In this tutorial we will take an in-depth look on Illustrator’s Appearance panel. With it, we’ll create an amazing effect that you can apply to any type text, while preserving the text’s editability.
As result, you’ll master the Appearance panel’s features to the extent where you can build your own styles.
Difficulty: I’ve heard about the Appearance panel
Completion time: No longer than a movie
Tools: Illustrator CS3 or newer
- Abraham Lincoln font http://www.losttype.com/font/?name=Abraham%20Lincoln
Final Image Preview
Inspiration. Well, how would you know how a print block looks like if you don’t see one, right? I’m sure you don’t have one laying around, so look for a photo of it on the internet.
Break it down. Every shape, in its core, is defined by a really simple shape, such as a circle, or a rectangle. The rest are just details around it. With this in mind, we can build a draft and start from it. Nothing fancy, just the shapes with some base colors.
If we’re to break this draft into pieces, we’ll be left with just this:
- Base Letter
- Metal block
- Block extrusion
Adapt to needs. What the effect must do is to preserve the text’s editability. So we need to find a way to put those shapes from STEP 2. The Appearance panel provides these features, now we must find the formula for it.
Build a foundation. We know what we want from the result, now we have to find a way of how to do it.
First, grab the Type Tool (T), click on the canvas and write one letter, preferably capital.
Building the basics. Open the Appearance panel (Window > Appearance). Now click the “Add New Fill” button. You’ll now see two new additions: a fill and a stroke with no color. It’s similar to the Layers panel, but the difference is that you can only have a single shape on each and it’s bound to the shape applied to. In this case, the shape is the type text.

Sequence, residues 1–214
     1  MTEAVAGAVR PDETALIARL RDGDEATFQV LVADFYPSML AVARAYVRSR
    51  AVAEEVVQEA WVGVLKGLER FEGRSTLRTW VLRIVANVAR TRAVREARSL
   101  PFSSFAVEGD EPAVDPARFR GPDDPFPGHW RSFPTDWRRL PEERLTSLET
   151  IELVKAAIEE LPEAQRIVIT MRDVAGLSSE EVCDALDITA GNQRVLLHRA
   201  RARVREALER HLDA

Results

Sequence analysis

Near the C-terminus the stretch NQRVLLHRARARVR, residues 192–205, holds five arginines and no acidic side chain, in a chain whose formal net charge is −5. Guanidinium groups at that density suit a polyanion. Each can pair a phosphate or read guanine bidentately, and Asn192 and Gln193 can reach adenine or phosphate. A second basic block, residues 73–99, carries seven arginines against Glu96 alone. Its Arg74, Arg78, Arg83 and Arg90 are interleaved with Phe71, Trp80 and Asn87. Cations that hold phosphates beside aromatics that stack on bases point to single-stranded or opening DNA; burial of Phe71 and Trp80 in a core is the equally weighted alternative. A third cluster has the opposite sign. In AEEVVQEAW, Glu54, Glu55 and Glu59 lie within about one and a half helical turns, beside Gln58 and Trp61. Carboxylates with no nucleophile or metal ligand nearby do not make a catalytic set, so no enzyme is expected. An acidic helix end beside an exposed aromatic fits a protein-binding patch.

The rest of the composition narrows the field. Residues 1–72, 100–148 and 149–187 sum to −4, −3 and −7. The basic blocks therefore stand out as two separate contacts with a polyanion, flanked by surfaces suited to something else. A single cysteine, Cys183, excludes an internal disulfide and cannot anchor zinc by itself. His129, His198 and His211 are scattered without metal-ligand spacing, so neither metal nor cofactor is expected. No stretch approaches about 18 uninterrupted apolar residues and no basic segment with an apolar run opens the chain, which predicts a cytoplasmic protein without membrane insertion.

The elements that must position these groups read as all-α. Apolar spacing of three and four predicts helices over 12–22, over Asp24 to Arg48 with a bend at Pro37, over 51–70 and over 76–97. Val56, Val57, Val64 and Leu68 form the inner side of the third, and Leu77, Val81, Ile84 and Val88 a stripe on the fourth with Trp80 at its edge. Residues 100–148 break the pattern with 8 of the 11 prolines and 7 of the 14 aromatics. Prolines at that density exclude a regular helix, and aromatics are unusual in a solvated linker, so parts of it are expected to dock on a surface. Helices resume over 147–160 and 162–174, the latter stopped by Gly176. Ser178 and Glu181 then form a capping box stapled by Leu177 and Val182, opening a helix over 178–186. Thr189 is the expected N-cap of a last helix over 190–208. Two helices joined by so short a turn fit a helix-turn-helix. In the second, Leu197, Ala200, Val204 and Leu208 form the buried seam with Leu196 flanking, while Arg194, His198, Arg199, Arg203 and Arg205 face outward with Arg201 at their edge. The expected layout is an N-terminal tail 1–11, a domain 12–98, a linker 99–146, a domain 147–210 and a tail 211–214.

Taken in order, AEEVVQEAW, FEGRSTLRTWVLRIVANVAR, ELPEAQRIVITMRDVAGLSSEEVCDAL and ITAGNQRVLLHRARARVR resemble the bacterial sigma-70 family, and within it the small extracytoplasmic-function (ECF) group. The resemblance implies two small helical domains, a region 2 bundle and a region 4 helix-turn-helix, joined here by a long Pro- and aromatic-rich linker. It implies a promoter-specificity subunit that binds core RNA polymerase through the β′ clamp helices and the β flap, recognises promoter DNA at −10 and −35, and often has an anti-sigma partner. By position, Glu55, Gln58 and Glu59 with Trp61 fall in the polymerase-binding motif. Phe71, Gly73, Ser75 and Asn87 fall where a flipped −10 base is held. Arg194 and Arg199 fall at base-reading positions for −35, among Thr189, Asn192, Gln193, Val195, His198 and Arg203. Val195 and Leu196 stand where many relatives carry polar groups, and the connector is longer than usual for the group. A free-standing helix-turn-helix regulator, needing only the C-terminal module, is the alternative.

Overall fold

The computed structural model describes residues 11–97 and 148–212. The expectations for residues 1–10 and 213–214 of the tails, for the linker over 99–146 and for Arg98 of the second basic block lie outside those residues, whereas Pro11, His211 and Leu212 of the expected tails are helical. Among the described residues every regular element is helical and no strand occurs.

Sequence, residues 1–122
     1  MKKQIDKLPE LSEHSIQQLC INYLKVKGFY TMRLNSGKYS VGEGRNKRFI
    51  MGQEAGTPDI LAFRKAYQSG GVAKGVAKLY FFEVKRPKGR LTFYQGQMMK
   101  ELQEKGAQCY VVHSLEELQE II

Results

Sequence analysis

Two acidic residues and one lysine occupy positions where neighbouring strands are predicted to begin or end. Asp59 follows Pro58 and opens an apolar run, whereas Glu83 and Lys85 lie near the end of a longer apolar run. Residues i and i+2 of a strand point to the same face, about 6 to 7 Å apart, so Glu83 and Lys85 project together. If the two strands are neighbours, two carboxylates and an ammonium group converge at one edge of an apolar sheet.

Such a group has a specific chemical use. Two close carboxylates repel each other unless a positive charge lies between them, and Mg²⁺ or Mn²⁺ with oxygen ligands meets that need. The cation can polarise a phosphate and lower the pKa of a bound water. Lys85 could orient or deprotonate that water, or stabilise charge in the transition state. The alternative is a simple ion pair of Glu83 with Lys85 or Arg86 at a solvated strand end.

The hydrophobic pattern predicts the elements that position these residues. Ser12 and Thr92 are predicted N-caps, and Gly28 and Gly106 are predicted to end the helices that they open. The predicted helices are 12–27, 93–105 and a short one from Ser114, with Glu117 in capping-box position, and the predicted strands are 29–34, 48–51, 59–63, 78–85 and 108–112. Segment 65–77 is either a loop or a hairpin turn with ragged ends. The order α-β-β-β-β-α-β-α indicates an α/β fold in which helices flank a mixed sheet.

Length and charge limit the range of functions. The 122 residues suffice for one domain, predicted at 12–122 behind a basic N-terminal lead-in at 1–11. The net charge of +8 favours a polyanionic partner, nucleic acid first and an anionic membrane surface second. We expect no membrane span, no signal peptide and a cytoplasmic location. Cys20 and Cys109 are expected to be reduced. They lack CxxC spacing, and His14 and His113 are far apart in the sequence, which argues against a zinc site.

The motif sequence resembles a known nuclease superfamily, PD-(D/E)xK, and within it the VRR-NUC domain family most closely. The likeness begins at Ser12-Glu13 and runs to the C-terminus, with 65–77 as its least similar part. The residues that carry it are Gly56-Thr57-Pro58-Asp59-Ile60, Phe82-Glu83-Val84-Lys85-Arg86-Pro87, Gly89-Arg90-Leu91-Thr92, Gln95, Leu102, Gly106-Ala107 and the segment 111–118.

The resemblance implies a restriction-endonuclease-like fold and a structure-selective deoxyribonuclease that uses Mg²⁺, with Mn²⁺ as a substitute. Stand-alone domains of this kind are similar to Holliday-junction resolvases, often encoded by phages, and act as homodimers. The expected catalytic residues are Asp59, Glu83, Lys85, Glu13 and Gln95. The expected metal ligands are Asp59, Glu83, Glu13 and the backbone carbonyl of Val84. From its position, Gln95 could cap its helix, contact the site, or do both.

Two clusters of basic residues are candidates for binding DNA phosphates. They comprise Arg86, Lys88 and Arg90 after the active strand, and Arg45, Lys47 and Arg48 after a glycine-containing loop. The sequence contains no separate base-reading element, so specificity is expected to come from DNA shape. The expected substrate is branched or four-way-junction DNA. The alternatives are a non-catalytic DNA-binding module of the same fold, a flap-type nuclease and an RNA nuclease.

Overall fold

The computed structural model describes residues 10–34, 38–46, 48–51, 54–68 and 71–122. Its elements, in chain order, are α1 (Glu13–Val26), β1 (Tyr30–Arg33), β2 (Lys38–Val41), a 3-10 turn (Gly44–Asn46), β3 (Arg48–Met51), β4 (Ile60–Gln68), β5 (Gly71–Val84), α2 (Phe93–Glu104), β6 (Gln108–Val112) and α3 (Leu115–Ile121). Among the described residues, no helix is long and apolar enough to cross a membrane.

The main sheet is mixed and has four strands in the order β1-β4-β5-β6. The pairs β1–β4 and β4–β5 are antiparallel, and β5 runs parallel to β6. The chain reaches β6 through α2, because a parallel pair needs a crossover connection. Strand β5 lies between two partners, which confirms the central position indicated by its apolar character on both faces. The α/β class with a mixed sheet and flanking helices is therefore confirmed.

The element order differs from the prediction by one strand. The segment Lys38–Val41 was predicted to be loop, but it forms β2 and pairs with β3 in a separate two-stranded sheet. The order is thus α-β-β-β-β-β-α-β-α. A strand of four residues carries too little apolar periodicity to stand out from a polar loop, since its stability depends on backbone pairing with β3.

Let’s try using a “Move” effect on one of the fills!
Gradually building the structure. Add another fill and place it below the others. This will be the metal block, so we need that fill to be a rounded rectangle. But how should we transform it into a rounded rectangle, all within the appearance?
Well, the “Convert to Shape” effect is what we need here.
Add a new fill and make it orange, like in the main sketch.
Up next, we need the extrusion. Since it’s the same “rounded rectangle” effect, we can duplicate, change its color and use the “move” effect on it.
Let’s see how it will look.
Adjusting the color palette. Now we have to set in some colors for each surface. Since the blocks are made of steel, we’ll go with a dark gray as base color.
Furthermore, change the other colors, as well – the purple will be a gray darker than the one above it, green will be a light gray and magenta will be a midtone, but darker than the one below it.
Some basic shading. The Appearance panel is generous enough to provide us with some raster effects. This time, we’ll use “Drop Shadow”.
You’re probably thinking “Hey, this isn’t 100% vector anymore!”. True. But that doesn’t mean the effect isn’t scalable. It still preserves the scalability feature.
Let’s start with the biggest element – the metal block. We need a shadow under it, so we’ll need something to act like a mask, so the shadow doesn’t go over the letter, or have the same shape as the letter.
Instead, we’ll apply the effect on a lower Fill, one that has the “Rounded rectangle” effect on it. This way, we’ll have a rectangular shape and the Fill will act as a mask.
If you want to edit this later, you don’t have to delete the fill and apply the effects again. Simply click the blue text, it will pop the settings window for each effect.
More shading. That embossed letter will also drop a small shadow, let’s see how we can add that, as well.
This time, we need the letter-shaped Drop Shadow effect, but we also need the shadow to be above the emboss. Thus, we’ll apply it on the layer above it – the light gray one.